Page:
Diagnosis: Sepsis, Post-operative/Operative Complication, Urological Disease


Medical Error: Improper treatment, Procedural error


Significant Outcome: N/A


Case Rating: 3


Link to Original Case File: Download PDF



California – Gynecology – Unsuccessful Treatment Of Stress Urinary Incontinence



On 12/18/2009, a gynecologist performed a procedure on a patient to place a Solyx sling for treatment of stress urinary incontinence.  The Solyx sling procedure was not successful at resolving the stress urinary incontinence, and following the surgery, the patient continued to have symptoms of incontinence.

On 1/27/2010, the patient was seen by the gynecologist for persistent symptoms of incontinence.  The gynecologist diagnosed stress urinary incontinence, uterine prolapse, cystocele, and rectocele.  The gynecologist recommended the patient undergo surgical repair of pelvic floor relaxation.

On 12/10/2010, the gynecologist performed pelvic surgery on the patient at a medical center. The surgery consisted of anterior colporrhaphy, with insertion of Suspend Tutoplast fascia lata graft, paravaginal repair, colpopexy, rectocele repair with insertion of Suspend Tutoplast fascia lata graft, and cystoscopy.

As the cystoscopy was performed, the gynecologist was not able to see jets of blue dyed urine from either of the ureteral orifices, although she was able to see flurries of liquid.

Following the surgery, the patient complained of pain in the lower left abdomen.  On 12/12/2010, the patient developed an elevated white blood cell count.  A CT scan of the patient’s abdomen and pelvis revealed an abnormality of the left ureter.  A nephrostomy tube was placed, and the patient was discharged on 12/15/2010 with instructions to return to have the ureter repaired once all signs of infection had cleared up.

On1/5/2011, the patient saw a urologist and underwent a nephrostogram showing complete obstruction of the left ureter.

On 1/18/2011, the urologist performed surgery on the patient to correct the ureteral injury.  He performed a cystoscopy, released the left ureter, placed a stent, and removed a foreign body. The urologist noted damage to the bladder, protrusion of mesh from the fascia lata graft, and several sutures within the bladder.  On 2/28/2011, the urologist removed the left ureteral stent.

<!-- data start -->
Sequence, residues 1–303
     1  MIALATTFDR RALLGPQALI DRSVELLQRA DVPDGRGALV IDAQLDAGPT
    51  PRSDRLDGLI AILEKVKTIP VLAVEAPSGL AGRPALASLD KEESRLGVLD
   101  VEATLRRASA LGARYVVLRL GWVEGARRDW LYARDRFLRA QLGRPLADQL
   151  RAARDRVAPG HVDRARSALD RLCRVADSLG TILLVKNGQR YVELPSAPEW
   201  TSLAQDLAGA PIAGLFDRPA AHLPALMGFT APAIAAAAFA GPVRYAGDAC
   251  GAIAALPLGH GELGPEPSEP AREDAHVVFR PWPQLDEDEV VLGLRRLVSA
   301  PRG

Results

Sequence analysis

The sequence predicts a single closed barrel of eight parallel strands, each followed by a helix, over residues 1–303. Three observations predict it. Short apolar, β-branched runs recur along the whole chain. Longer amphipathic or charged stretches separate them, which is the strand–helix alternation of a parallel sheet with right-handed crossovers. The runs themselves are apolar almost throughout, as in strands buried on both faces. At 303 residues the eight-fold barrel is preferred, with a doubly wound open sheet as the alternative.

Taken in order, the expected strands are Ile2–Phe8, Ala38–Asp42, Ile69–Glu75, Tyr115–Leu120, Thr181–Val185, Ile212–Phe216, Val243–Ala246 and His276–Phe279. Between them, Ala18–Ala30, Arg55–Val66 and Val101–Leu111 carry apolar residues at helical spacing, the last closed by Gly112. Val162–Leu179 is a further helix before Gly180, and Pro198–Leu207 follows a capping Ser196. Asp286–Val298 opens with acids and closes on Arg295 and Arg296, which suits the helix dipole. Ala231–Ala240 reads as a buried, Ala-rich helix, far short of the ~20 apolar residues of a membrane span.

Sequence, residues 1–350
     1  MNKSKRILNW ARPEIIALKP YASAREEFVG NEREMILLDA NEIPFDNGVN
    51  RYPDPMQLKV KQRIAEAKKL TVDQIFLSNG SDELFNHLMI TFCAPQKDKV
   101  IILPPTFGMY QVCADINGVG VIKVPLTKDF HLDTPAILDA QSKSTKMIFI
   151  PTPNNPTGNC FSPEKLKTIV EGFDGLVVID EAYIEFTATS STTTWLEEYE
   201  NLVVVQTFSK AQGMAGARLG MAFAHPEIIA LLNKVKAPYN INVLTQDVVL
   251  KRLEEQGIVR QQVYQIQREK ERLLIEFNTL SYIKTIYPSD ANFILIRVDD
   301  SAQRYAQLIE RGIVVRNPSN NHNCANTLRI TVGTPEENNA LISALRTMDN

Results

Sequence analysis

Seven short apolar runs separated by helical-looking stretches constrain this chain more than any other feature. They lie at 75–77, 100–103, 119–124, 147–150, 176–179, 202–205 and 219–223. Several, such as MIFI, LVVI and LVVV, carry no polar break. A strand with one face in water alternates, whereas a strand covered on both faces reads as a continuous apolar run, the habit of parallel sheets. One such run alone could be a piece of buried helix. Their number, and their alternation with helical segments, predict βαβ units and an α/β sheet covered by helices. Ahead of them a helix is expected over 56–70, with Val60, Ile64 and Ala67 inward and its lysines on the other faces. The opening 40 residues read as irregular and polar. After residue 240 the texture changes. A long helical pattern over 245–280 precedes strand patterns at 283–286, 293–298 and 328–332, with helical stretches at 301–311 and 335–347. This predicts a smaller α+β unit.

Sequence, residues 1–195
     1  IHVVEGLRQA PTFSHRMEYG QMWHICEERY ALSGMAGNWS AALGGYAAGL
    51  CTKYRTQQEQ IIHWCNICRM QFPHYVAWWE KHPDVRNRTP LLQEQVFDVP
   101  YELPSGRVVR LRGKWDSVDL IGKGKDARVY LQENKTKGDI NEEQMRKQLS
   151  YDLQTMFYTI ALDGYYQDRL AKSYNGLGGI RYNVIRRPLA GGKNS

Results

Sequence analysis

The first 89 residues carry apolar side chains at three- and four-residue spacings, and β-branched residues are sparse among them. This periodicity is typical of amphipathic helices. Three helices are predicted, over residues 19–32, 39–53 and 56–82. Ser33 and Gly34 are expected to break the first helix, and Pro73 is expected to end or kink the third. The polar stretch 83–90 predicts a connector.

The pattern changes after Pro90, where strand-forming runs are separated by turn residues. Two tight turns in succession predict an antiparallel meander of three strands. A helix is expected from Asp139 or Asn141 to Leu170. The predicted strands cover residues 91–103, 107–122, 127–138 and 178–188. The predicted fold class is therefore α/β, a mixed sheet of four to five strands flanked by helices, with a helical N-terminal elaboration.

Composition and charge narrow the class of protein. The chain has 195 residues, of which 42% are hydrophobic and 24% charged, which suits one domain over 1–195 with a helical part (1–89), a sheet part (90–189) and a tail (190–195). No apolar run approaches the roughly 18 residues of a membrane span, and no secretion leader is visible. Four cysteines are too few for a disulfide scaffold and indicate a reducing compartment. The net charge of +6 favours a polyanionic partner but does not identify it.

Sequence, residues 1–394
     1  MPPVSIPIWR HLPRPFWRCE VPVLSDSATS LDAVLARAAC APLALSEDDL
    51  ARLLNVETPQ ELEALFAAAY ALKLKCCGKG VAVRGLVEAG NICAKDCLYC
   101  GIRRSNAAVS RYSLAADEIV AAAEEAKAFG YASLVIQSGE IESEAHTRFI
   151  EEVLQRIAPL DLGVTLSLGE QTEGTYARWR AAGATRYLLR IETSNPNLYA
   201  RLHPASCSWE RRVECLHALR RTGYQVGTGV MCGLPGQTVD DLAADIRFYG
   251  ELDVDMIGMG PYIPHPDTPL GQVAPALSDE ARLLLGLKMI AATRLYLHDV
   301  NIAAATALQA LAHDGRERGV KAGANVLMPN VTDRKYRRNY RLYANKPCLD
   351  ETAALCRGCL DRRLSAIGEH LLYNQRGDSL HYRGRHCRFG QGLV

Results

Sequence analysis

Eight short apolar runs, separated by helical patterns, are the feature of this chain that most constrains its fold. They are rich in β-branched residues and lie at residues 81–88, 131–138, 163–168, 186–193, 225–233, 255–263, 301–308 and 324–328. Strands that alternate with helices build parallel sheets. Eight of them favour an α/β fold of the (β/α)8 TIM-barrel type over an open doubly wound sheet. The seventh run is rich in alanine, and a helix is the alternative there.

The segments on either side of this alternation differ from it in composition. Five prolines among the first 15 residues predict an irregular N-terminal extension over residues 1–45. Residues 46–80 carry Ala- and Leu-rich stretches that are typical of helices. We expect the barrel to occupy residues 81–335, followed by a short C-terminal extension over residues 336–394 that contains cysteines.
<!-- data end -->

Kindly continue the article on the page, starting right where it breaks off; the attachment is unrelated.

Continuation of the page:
Th patient continued to have stress urinary incontinence after the 12/10/2010 surgical procedure and corrective surgeries with the urologist.  The patient was subsequently treated for urinary stress incontinence at another medical center with good results.

Per the Board, throughout the course of the gynecologist’s treatment of the patient, the gynecologist failed to address the primary presenting issue of stress urinary incontinence.  The gynecologist performed invasive surgical procedures for a minimally symptomatic prolapse but failed to perform any procedure specifically for stress urinary incontinence.  The gynecologist’s failure to address the initial presenting complaint during the course of her treatment of the patient and instead performed procedures not indicated for stress urinary incontinence constituted an extreme departure from the standard of care.

The Board issued a public reprimand with stipulations to complete an education program focused on implantable gynecological device procedures.

State: California


Date: September 2015


Specialty: Gynecology, Urology


Symptom: Urinary Problems, Abdominal Pain


Diagnosis: Urological Disease, Post-operative/Operative Complication


Medical Error: Procedural error, Unnecessary or excessive treatment or surgery


Significant Outcome: N/A


Case Rating: 2


Link to Original Case File: Download PDF